Burj Al Babas was born as a dream place full of castles and a perfect refuge for an elite. Today it is a ghost town. In 2011, Turkish construction group Sarot believed it had found the perfect solution to provide homes for the country’s wealthy families. The location, the materials, the natural views, the ostentatious architectural designs: all seemed ideal to appeal to a very specific elite market ready to buy a dream property.
With this idea in mind, they obtained the necessary permits to orchestrate a macro urban development project in a paradisaical space located between Ankara, the country’s capital, and Istanbul. Some castles were completed, but many others remain unfinished nine years later.
Originally, the developers intended to build luxurious villas for families from the wealthiest sectors of society to vacation in. Before starting the construction efforts, Sarot committed several pre-sale properties to investors from various parts of the world, mainly from Saudi Arabia.
According to Naci Yoruk, a consulting architect working for Sarot, many of the potential tourists who would visit Burj Al Babas would come from Qatar, the United Arab Emirates, Bahrain, and Saudi Arabia, to name a few. Each castle could be customized to the taste of the client in question and would have an approximate surface area of 225 square meters.
It was estimated that the complex would consist of 732 units in total. In the center of the city, there would be a main building with all the amenities for visitors to enjoy their visit: movie theaters, shopping malls, stores and a wide variety of international restaurants.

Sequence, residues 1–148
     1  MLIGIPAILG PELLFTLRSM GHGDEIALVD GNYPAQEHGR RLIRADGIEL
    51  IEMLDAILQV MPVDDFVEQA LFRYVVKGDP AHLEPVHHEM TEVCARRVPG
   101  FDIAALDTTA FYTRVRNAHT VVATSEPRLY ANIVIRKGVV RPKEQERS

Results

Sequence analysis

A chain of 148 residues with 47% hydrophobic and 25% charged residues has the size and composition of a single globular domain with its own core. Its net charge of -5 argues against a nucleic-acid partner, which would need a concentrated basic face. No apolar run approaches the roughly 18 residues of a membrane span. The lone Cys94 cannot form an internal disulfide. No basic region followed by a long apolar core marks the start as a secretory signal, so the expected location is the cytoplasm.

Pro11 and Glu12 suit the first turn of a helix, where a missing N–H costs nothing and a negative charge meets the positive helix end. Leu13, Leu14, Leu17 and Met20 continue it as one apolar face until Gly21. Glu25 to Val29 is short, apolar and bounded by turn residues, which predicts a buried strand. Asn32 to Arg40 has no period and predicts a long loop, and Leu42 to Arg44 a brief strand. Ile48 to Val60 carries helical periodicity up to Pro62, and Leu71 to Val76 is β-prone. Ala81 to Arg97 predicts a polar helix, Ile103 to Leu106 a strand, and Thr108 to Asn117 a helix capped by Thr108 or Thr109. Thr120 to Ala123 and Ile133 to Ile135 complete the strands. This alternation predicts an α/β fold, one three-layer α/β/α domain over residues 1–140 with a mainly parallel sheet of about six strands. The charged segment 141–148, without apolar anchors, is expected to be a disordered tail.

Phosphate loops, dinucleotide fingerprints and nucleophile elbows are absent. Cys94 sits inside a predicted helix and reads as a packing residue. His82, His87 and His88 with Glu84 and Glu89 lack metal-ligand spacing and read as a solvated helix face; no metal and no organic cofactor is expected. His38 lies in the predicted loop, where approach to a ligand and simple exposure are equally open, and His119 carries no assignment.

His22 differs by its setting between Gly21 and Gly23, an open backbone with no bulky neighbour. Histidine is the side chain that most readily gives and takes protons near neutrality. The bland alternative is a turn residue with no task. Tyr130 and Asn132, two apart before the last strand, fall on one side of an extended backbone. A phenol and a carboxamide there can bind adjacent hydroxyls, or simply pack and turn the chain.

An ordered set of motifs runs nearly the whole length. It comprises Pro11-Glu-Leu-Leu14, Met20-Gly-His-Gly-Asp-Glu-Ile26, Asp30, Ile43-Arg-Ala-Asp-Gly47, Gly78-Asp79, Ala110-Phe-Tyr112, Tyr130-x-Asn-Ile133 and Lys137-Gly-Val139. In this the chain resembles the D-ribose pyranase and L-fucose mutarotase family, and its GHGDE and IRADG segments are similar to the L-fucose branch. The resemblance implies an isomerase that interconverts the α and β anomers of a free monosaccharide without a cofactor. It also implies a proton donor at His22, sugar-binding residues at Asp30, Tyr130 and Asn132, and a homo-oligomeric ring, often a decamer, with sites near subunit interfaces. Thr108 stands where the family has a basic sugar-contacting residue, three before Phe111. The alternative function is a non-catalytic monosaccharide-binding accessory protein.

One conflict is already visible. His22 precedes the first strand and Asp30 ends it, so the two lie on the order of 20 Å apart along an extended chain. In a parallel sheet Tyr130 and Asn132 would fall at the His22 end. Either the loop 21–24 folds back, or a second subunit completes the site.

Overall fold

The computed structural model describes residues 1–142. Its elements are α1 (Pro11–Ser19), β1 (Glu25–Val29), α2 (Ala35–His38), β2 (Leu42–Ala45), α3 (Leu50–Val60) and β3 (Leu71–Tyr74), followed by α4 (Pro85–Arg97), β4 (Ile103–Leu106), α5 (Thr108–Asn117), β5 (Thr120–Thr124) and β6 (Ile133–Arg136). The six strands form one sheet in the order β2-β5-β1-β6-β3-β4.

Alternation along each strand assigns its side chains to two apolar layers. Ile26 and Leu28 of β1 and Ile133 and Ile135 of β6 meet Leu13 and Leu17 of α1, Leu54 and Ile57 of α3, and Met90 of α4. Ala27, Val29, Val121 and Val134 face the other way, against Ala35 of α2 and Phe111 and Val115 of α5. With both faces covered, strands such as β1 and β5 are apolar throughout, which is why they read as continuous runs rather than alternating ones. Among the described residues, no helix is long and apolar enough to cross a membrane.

Construction officially began in 2014. Several hectares of fertile land were destroyed and thousands of trees were felled. By the end of that year, 578 units had been completed – almost 80% of what was planned at the time.
By 2016, the Turkish firm was severely compromised: clients were unable to afford the costs of such a luxurious property. Despite being almost finished, the work had to be gradually stopped. Four years after it started, in 2018, the budget for the project ran out, unable to complete the work in its entirety.
In a public announcement, Mehmet Emin Yerdelen, chairman of Sarot, said, “We were unable to recover around $7.5 million owed to us for the villas we sold to the Gulf countries.”
This was due to the fact that several of the investors withdrew their support. Up to that point, the construction had cost about $200 million. The 15th century castle-like villas, with balconies worthy of Marie Antoinette, became something akin to the setting of a dystopian story: uninhabited, desolate and disinherited from a promising future.
Thus, Burj Al Babas became a fiasco of the real estate and architectural industry. The castles, stacked like dominoes, remain uninhabited. It is a ghost town with abandoned castles.